Beer Background
Beer Hall at Hawkshead Brewery #2
Review

Everything's Coming Up Roses

Added: Sunday, May 1st 2005

The Bread and Roses pub had organised a beer festival that featured most of the beers that have won the Champion Beer of Britain competition since the 1970s and I had selected six of them for a tasting and seminar in an upstairs room.

Bread and Roses must be unique - a pub owned and run by local trade unions. There are thousands of working men's clubs, many of them with union connections. But I do not know of any other pubs, open to the general public rather than members, which are run in this way.

Until 1996, the pub was called the Bowyer Arms, named not, I suspect, after a certain pugnacious footballer. It was, in the shorthand of the Campaign for Real Ale, a "fizz pub" , which meant it sold only keg beer. Then Battersea and Wandsworth Trades Union Council bought it. The council also owns the Workers Beer Company that acts as a wholesaler and supplies beer to such major events as the Glastonbury Festival.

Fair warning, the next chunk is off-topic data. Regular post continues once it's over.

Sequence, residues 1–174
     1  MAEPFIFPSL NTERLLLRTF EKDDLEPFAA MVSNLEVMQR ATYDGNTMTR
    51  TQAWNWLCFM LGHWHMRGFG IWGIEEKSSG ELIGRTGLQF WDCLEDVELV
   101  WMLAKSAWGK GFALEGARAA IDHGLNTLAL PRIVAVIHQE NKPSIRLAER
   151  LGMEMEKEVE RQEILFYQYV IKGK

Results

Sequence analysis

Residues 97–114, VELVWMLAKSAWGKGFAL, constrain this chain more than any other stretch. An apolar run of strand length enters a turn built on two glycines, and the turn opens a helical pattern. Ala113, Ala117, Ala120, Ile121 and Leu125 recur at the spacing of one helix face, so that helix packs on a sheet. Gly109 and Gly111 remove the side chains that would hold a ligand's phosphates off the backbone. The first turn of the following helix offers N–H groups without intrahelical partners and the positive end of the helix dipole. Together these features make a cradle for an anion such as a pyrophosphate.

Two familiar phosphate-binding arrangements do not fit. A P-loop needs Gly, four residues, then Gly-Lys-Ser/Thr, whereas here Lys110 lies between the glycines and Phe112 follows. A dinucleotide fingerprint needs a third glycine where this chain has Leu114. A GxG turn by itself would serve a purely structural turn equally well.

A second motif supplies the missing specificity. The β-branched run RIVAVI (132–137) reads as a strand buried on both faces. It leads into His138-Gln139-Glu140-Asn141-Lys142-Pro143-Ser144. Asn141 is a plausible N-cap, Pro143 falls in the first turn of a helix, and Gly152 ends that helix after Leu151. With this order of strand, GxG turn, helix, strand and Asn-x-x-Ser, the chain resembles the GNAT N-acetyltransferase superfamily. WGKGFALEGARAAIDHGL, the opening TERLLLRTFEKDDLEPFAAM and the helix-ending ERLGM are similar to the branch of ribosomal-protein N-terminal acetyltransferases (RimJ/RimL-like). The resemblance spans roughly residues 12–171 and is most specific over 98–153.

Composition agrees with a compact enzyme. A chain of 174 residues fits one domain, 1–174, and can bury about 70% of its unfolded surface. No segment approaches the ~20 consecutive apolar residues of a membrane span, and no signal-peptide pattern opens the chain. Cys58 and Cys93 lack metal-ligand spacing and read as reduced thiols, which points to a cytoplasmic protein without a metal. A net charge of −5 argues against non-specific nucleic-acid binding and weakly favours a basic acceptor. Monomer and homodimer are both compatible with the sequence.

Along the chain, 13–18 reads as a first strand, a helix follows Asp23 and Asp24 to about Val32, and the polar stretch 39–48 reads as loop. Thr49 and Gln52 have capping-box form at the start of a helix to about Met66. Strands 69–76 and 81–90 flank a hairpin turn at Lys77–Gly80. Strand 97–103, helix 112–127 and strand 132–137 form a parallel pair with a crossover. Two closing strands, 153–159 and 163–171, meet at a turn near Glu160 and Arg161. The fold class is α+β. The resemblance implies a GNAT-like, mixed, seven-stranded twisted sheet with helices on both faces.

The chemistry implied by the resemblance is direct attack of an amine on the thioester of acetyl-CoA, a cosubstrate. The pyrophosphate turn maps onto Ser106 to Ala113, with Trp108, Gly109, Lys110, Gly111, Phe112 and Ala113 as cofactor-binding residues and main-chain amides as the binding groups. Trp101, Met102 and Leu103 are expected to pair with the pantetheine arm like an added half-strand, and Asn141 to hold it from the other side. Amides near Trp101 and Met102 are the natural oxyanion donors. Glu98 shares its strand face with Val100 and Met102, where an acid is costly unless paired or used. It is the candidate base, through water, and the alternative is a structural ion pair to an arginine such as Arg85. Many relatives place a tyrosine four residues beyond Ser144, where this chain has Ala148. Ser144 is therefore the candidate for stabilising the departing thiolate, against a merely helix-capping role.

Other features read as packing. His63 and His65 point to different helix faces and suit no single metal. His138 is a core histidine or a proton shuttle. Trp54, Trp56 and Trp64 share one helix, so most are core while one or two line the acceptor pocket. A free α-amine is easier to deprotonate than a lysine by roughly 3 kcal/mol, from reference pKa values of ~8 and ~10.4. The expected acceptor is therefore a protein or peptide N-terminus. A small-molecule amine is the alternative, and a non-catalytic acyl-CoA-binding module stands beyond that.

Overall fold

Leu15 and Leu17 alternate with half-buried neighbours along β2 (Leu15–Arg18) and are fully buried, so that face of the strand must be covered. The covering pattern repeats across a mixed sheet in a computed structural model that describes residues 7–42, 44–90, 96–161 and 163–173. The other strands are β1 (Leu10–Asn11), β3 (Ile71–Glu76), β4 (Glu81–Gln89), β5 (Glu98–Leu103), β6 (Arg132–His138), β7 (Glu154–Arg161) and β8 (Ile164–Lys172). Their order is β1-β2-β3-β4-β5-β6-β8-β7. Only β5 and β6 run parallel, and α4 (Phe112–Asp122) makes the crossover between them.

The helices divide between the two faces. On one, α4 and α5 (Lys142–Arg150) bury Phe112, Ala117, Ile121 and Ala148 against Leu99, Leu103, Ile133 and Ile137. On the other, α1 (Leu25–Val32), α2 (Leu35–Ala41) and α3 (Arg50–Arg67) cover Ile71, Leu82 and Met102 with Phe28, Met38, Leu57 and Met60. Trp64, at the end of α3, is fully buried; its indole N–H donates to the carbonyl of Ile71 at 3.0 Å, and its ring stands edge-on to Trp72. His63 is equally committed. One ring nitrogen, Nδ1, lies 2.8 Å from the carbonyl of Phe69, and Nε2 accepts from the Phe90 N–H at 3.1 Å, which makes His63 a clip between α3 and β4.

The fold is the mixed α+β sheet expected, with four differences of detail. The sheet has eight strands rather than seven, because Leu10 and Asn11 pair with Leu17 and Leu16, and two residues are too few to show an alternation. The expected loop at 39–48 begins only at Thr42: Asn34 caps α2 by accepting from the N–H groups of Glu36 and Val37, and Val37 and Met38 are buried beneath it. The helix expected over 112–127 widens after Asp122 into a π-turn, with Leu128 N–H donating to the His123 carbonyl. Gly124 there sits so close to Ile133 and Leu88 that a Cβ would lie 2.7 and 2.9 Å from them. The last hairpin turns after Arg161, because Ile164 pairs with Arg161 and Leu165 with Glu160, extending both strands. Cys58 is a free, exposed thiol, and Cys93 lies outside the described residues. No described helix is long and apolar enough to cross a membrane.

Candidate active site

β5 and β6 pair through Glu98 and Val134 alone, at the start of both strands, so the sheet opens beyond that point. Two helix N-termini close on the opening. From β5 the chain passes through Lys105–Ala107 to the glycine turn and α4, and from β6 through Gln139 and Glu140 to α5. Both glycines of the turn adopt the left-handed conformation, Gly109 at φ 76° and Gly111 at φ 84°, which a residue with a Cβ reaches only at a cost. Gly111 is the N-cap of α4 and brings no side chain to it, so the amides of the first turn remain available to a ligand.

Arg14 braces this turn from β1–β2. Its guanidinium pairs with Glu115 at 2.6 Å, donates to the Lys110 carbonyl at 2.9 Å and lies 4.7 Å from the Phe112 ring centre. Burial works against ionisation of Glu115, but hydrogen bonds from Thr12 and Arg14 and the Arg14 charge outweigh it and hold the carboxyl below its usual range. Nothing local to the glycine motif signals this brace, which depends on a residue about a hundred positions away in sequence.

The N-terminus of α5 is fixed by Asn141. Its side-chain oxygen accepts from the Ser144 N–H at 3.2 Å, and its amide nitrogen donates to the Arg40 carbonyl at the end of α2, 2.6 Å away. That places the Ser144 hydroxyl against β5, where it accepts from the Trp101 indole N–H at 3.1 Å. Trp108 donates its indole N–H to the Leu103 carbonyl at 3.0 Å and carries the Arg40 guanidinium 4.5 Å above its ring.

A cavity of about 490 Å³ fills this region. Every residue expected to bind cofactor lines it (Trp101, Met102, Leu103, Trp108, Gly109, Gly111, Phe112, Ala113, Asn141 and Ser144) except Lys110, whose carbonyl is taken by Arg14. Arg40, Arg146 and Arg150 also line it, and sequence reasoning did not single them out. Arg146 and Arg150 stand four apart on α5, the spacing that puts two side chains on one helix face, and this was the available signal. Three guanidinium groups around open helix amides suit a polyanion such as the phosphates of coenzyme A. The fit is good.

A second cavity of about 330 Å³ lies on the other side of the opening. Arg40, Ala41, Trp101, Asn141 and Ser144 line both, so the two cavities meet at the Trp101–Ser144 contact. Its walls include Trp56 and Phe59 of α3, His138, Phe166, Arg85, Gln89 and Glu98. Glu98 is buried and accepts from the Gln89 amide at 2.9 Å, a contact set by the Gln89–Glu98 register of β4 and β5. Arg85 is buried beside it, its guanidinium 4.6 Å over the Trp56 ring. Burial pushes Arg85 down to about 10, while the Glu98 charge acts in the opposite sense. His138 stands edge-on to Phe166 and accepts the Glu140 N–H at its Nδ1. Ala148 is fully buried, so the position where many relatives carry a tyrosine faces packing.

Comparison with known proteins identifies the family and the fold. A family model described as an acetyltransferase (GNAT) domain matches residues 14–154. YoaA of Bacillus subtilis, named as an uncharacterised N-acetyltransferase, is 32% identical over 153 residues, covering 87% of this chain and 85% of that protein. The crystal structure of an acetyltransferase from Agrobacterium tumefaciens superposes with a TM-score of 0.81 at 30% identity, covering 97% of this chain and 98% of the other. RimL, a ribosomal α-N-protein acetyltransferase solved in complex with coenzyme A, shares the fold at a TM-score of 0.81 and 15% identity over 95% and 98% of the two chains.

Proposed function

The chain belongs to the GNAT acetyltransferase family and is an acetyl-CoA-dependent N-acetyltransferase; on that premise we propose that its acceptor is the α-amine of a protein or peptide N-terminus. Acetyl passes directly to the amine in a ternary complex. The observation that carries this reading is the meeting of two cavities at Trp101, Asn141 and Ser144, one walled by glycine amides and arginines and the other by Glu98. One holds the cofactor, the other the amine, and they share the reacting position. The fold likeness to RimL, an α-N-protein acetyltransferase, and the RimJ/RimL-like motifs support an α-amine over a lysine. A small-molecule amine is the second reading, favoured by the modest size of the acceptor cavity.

Bread and Roses has a comfortable main bar, a conservatory at the back, where the beer festival was staged, and large upstairs rooms, one of which is the head office of the trades council. The walls are decorated with photos of trade union events from Victorian times to the present day, along with some striking Canadian oil paintings of union struggles.

A large and receptive audience joined me in tasting Cottage Norman's Conquest, two Woodforde's beer, Norfolk Nog and Wherry Best, Mauldon's Black Adder, Tim Taylor's Landlord and Ind Coope Burton Ale. With the exception of Belgium, it would be difficult to think of another country in the world where just six beers offered such variety of aromas and tastes. I explained how darker grains give colour and flavour to beer and, in particular, the coffee and chocolate character in Black Adder that comes from the use of heavily roasted black malts.